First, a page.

Vermont Sen. Bernie Sanders is giving it another go. In an interview last week with “CBS This Morning,” Sanders announced he would be seeking the Democratic nomination for the 2020 presidential election. The 2020 race will be Sanders’ second consecutive bid as a Democratic candidate after an unsuccessful run against Hillary Clinton in 2016.
Co-host John Dickerson asked what will be different this time around, and Sanders answered: “We’re going to win.”
The self-claimed Democratic Socialist continued.
“It’s not about defeating President Trump or defeating the Democratic Party – it’s about pushing a grassroots movement to lay the groundwork for transforming the economic and political life of the country.”
Since 2016, the 77-year old socialist’s platform points have remained the same. Sanders strongly stands for expanded healthcare, making higher education free, raising the minimum wage to $15, prison reform to spending a trillion dollars to repair the nation’s infrastructure, etc. through taxing big corporations and Wall Street.
When first presented, Sanders’ arguments seemed a little radical to the American people but in three years these same points are now becoming noticeably more mainstream – and a majority of the America’s Democratic leaders now support them.
Christopher Daniels, a political science professor at Florida A&M University, says he commends Sanders for running again. But Daniels added he has mixed views on the points in question.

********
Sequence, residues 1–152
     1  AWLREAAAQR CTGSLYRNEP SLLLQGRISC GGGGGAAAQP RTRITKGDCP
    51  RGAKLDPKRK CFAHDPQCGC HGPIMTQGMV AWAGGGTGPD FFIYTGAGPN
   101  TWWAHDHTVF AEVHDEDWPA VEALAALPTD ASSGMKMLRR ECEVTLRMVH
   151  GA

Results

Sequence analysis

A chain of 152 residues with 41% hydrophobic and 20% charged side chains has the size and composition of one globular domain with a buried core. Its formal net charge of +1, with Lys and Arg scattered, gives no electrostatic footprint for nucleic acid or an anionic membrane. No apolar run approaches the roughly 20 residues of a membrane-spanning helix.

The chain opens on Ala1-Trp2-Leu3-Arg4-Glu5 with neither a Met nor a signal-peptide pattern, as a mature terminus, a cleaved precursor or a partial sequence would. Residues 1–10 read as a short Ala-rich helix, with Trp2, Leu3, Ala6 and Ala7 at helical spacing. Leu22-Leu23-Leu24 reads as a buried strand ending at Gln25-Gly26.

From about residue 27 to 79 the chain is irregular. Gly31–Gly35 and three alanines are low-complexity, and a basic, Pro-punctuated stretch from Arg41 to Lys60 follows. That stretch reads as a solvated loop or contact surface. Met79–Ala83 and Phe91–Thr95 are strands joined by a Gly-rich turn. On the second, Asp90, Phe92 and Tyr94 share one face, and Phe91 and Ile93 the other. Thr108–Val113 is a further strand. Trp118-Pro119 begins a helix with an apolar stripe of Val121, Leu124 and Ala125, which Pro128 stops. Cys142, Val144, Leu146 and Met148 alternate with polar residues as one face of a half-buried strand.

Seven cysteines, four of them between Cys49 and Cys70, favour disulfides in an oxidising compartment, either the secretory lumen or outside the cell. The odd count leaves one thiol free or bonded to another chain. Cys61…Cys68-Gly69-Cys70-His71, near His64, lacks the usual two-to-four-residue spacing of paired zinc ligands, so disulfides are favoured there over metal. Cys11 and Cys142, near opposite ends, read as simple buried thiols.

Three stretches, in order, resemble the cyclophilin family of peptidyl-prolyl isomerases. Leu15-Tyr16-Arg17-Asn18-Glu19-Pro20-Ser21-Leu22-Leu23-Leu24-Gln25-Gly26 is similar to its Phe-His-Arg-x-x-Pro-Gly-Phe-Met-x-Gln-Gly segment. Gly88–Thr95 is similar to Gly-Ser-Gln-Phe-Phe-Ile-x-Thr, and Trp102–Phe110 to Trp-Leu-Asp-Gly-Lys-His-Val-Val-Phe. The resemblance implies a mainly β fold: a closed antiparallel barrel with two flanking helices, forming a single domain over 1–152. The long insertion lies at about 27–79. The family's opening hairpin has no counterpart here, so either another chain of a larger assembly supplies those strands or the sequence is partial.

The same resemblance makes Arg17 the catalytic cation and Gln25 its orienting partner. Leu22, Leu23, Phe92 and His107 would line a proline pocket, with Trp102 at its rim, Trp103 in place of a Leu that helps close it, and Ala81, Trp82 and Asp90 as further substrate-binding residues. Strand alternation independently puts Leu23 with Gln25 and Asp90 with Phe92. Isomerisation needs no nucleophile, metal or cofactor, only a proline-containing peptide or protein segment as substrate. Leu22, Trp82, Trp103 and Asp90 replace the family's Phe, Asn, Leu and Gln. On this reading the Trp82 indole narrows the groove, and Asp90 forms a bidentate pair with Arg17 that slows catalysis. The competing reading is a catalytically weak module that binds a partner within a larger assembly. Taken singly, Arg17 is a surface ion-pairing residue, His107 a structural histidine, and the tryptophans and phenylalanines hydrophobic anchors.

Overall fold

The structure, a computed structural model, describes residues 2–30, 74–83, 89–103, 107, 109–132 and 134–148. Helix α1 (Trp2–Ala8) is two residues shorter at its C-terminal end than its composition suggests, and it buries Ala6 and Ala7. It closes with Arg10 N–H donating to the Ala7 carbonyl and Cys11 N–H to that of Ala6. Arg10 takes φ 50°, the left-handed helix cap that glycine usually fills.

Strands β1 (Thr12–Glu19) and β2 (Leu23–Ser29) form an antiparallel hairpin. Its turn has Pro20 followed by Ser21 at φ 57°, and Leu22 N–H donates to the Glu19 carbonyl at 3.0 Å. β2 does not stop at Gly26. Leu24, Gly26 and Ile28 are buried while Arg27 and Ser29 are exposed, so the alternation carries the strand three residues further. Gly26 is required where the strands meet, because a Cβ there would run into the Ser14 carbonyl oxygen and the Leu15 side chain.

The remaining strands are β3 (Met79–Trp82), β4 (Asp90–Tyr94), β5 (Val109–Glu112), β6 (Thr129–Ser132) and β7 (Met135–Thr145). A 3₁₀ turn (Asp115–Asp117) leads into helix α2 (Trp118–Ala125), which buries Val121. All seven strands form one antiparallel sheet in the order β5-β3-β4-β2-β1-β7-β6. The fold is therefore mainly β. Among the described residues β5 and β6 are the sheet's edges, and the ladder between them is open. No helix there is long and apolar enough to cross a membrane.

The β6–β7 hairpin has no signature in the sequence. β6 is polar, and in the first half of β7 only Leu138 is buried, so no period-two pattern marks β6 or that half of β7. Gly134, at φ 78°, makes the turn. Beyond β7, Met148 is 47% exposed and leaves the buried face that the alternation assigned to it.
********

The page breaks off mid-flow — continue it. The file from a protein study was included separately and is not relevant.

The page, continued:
“I think it’s great for Sanders to bring focus to these issues, especially during this time, but many politicians have argued taxing the big corporations before,” Daniels said. “What does it mean for the employees of these big companies? Lay-offs, shorter hours, fewer benefits? These are things he should consider.”
It’s not clear if Sanders’ can stand out in a crowded pool of 11 official Democratic candidates, and the few who are still on the fence about running in the 2020 election such as former Vice President, Joe Biden.
Candidates may be a part of the same party and agree on similar policies, yet they still have their issue they want to push.
Sanders’ Medicare-for-all bill was recently co-sponsored by fellow presidential nominees Senators Kamala Harris, Kristen Gillibrand, Cory Booker and Elizabeth Warren. Furthermore, another nominee, Minnesota Senator Amy Klobuchar, co-sponsored Sanders’ recent $15 minimum wage bill.
Denver Smith, a graduating physical therapy major and former chief of staff for FAMU SGA, notes that the anything can happen during the primaries.
“Bernie Sanders’ biggest roadblock is getting the Democratic nomination. The primary elections can go either way because they are so many strong individuals, but it looks like they’re not on one accord,” Smith said. “So honestly, I’m not too confident in him winning.”
Sanders is undoubtedly entering the race as a top contender compared to the other candidates. The day after Sanders’ announced his candidacy, he raised $5.9 million and in a week, has raised $10 million from almost 360,000 donors, according to New York Magazine.
“They can call me a radical, but I believe people are inherently entitled to healthcare, the best education they can get, to live in a clean environment, and decent paying jobs,” Sanders told CBS.